Normally a bobcat won’t immediately eat their prey after taking it down. They will first take their catch somewhere safe where they can eat in peace. While bobcats are predators, bobcats are still quite small, and the last thing they want is another, larger predator trying to move in on their food.
So instead, they will drag their prey somewhere safer, like an isolated part of the forest, and eat there.
Aside from making for a more peaceful meal, it also gives them the option of hiding their prey if they cannot finish it. This strategy allows bobcats to make their meal last longer.
Will A Bobcat Eat Everything From Their Prey?
For smaller animals such as squirrels and mice, bobcats will often eat most, if not everything, from the bones, muscle, and tissue. Thanks to their size, it is much harder to eat around the bones and internal organs, meaning bobcats will just eat everything.
With larger animals such as deer or rabbits, bobcats tend to be pickier with what they eat, preferring to eat around parts they don’t like.
In many cases, they leave bones and tissue behind rather than consume everything. Scientists can determine which animals were eating by looking at the remains, judging by the patterns left behind.
Bobcats typically leave clean-cut edges around the bone and tissue compared to predators like coyotes that leave ragged edges.
Do Bobcats Bury Food For Later?
With their small size, bobcats don’t need to eat as much as larger predators, only requiring 2 or 3 pounds or about 10% of their body weight. Animals like deer or even beavers weigh much more than that, so bobcats won’t always be able to finish themselves.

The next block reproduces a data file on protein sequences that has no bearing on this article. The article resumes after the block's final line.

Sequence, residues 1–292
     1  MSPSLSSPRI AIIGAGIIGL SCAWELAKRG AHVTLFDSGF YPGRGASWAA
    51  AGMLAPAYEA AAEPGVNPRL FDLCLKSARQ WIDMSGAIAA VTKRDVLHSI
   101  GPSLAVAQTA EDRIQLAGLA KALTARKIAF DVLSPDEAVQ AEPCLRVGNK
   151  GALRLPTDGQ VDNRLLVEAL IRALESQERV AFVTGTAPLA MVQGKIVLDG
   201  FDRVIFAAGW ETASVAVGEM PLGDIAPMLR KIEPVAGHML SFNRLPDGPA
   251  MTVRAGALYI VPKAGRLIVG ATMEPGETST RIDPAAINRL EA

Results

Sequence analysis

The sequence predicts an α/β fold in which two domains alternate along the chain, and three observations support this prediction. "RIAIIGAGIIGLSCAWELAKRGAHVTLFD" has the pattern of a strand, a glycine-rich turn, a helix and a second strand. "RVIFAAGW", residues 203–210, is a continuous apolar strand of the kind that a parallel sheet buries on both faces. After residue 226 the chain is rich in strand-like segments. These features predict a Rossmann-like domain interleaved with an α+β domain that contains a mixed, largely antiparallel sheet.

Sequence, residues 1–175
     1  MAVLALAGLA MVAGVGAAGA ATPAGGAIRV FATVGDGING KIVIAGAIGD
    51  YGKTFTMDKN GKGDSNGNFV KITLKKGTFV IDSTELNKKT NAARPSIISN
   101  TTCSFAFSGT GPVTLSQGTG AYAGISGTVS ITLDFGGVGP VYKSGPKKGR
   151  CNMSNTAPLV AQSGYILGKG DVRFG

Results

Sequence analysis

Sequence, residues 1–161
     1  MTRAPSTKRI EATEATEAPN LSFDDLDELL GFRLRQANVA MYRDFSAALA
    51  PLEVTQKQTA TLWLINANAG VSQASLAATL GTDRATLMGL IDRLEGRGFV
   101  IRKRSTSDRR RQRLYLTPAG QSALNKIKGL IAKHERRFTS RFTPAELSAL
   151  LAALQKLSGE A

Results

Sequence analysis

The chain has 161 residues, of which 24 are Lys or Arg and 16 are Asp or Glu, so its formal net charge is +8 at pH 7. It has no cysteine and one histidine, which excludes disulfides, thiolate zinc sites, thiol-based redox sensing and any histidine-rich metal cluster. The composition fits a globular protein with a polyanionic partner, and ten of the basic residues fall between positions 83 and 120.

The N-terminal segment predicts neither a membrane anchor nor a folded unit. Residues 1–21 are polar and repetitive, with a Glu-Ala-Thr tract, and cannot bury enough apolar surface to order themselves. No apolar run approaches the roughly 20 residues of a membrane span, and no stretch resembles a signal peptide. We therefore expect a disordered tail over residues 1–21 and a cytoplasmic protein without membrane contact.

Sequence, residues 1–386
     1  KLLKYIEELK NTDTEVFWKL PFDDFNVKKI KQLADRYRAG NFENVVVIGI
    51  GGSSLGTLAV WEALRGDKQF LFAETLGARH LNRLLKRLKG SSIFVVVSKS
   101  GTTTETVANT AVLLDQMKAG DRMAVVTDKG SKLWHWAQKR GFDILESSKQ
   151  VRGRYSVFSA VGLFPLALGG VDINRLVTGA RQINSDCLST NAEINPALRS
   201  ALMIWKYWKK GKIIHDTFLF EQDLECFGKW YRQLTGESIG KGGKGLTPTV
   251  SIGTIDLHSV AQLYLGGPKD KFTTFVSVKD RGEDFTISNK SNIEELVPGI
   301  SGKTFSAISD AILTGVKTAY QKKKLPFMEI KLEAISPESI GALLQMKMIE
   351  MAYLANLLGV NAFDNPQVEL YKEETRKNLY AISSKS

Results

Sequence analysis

Rather than let that meat go to waste, these clever felines will take the leftovers and store them for later.
Of course, just as someone might decide to take our leftovers from the fridge, another predator might try and steal the bobcat’s meal. To avoid this, bobcats can get creative by hiding their meals.
They will typically drag it somewhere safe and then cover their food with grass or leaves to disguise the scent and make it harder to find for other animals. They will mark the area, so they know where to find their prey.
Author: Quade Ong
Hello there, my name is Quade. I have been a writer for three years but an animal lover for over two decades. I grew up in one of the most biodiverse areas in the world, which has given me the blessing of seeing all sorts of beautiful animals. Now I strive to learn not just about the animals I am from, but those all over the world!